The Canon 5D MKIII may not be the best overall winner of DSLR camera for video, but it is the industry standard for professional DSLR photography. Therefore, it is the DSLR that most producers and production companies trust the most. Additionally, there are ample amount of accessories available at a relatively low price to enhance the abilities of the camera. It shoots high-quality video and stills in low light and no light situations without much editing required. This camera also takes impressive stills. Additionally, a recently released firmware by Magic Lantern makes it easy to shoot raw video on the MKIII. However, you will need some higher end recording media because it requires very fast cards. The camera is also on the expensive side, and it does not have the capacity for 60p in 1080 mode.

The technical specs of this camera include 22.3MP Full-Frame CMOS sensor, a 3.2-inch clear view high resolutions LCD, and the ability to do full HD at 1080/30p and 720 at 60p.

Overall, the Canon 5D MKIII provides a capable camera for still and video photography, with its biggest feature being its reliability and adaptability. It does not have the ability for 4K HD video, and it is not as fast as some other cameras.

Canon EOS rebel T5i

The Canon EOS Rebel T5i offers video recording up to full HD 1080 at 30p, and also features stereo sound with built-in microphones. It also has a silent stepping motor that reduces the noise of the lens during zooming while recoding video. There are also around 100 lens choices, making it easy to capture video in a variety of settings and locations. The EOS Rebel T5i is not the best camera for shooting the highest quality video, and it also does not have the ability for 4K HD. However, it is relatively inexpensive for good quality video. It also features 18 mega pixels and CMOS sensors that deliver a high quality image, regardless of the lighting. The Hybrid CMOS AF system includes easily controlled manual fields to make it simple to shoot, focus, view and edit recordings. However, the camera has a slow touch screen performance.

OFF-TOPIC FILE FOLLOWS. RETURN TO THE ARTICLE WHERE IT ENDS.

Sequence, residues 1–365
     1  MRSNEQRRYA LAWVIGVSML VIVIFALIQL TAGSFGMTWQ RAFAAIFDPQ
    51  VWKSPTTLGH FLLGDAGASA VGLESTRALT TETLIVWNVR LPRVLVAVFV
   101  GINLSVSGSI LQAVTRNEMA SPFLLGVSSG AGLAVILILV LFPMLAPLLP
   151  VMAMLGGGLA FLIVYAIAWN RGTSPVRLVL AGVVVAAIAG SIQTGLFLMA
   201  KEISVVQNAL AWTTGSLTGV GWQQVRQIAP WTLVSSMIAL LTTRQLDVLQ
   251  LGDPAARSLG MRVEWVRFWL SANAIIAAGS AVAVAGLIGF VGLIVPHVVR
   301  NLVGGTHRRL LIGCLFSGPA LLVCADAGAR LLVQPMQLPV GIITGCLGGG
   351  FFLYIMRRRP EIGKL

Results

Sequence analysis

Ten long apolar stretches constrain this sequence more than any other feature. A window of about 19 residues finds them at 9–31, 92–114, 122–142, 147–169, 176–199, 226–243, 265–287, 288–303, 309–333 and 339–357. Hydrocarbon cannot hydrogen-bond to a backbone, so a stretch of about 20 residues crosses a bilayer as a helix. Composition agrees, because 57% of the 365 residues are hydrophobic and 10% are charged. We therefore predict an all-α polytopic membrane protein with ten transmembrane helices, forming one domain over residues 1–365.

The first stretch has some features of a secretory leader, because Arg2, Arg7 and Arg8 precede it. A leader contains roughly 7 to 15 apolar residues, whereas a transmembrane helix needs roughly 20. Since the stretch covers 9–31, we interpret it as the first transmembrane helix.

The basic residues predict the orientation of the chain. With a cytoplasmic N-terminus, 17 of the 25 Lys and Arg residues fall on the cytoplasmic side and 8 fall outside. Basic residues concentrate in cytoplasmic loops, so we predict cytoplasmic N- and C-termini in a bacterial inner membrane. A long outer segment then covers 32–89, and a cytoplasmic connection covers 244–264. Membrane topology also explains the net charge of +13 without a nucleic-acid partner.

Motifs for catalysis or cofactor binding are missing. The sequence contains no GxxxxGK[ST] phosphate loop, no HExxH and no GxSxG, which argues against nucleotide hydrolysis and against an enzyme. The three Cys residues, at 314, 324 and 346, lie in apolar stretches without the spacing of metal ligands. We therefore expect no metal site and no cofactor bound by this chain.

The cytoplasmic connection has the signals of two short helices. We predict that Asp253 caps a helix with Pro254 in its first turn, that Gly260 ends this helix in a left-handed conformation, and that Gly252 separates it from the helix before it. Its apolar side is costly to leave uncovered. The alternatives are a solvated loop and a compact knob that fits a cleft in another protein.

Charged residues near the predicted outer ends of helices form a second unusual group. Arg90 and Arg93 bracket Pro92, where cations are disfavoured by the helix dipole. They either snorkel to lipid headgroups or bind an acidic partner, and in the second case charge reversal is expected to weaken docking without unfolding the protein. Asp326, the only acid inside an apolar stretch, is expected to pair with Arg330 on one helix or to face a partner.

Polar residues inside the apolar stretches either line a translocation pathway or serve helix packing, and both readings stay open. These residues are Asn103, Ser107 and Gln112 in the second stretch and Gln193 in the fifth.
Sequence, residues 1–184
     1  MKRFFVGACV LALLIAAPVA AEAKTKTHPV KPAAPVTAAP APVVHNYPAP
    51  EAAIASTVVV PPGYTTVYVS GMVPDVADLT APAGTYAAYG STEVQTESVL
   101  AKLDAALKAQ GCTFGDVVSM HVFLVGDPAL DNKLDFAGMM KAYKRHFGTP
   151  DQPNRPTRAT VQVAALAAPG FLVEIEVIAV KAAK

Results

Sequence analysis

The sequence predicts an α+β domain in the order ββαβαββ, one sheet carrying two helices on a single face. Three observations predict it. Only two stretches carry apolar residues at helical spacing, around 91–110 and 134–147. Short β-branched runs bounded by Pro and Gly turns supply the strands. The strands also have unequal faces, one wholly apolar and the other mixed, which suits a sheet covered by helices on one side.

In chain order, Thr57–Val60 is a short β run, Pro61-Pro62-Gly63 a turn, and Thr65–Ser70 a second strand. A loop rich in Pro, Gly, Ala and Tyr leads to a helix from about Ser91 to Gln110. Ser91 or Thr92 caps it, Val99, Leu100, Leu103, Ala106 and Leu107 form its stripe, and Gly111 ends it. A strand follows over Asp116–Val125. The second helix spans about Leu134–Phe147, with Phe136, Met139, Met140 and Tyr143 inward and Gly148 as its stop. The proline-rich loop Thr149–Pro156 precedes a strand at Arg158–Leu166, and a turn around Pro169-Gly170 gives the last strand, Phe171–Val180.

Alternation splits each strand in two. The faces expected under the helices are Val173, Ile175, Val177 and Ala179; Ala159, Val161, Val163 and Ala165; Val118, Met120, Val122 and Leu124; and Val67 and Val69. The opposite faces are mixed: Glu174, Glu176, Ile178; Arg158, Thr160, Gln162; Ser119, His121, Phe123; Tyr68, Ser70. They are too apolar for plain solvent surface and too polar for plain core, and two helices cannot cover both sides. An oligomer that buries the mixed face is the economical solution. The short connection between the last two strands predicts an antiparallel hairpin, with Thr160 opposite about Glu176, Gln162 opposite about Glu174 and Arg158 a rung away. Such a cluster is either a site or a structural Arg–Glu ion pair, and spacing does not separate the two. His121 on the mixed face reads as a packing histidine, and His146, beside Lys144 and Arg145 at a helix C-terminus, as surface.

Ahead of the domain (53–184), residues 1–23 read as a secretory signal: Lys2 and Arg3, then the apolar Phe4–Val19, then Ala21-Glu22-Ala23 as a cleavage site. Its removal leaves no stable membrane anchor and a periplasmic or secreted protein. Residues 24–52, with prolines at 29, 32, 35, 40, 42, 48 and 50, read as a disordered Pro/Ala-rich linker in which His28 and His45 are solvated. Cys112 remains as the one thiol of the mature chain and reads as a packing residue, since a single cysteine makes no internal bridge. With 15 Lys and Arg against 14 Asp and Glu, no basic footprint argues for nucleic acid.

Technical specs include an 18 MP CMOS sensor, the DIGIC 5 image processor, and a 3-inch touch screen vari-angle clear view LCD monitor. It can shoot Full HD 1080 at 30p, or 720 at 60p. The EOS Rebel T5i is close to the best Canon dslr for video, if not the best for the price.

Nikon D7100 24.1 MP DX-Format CMOS Digital SLR

The Nikon D7100 has the latest HD-SLR technology, providing it with the ability to take high-quality pictures and video. It has a powerful 24.1 megapixel sensor DX format, so it can effectively operate regardless of the lighting. It also has a high-quality auto focus. It also offers the ability to shoot full HD movies, including in slow motion. Although it also cannot capture 4K HD video, it does provide a genuinely good quality full HD video with many options for lenses.

Technical specs include 24.1 mega pixels with DX CMOS sensor, a 3-inch wide viewing angle TFT-LCD monitor, compatible with AF-S or AF lenses. It can record full HD movies, the 1080 at 60i or 30p and 720 at 60p.

How to Choose the Right Camera

Finding the best DSLR cameras for video is not that easy, but hopefully this article has helped narrow your search. DSLR cameras offer a compatible way to record video, along with the variability and adaptability offered by adding accessories and lenses. These five DSLR cameras provide the best experience for shooting video. However, each one has its own good and bad features. The right camera will depend on the situation, including whether a person is looking to shoot both still photography and video or just video, the budget one has to spend, and whether capturing 4K HD is important. By looking closely at the technical specifications of each model and comparing the capabilities of the camera with the needs of the photographer will provide the best way of choosing the best camera for the situation. Any of these five video DSLR cameras provide high-quality HD video recording with many features, whether for an amateur, hobbyist, or professional photographer.

Robert Alexander
 

A camera geek and freelance photographer, Robert (Aka "Rob" or "Bob") spends way too much time examining the finer points of cameras.